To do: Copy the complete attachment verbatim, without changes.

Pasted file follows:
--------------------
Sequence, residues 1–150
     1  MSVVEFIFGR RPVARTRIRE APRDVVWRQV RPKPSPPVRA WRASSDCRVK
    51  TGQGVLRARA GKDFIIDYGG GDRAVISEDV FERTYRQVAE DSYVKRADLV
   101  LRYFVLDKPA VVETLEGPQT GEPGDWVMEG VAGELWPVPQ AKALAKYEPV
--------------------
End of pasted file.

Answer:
Sequence, residues 1–150
     1  MSVVEFIFGR RPVARTRIRE APRDVVWRQV RPKPSPPVRA WRASSDCRVK
    51  TGQGVLRARA GKDFIIDYGG GDRAVISEDV FERTYRQVAE DSYVKRADLV
   101  LRYFVLDKPA VVETLEGPQT GEPGDWVMEG VAGELWPVPQ AKALAKYEPV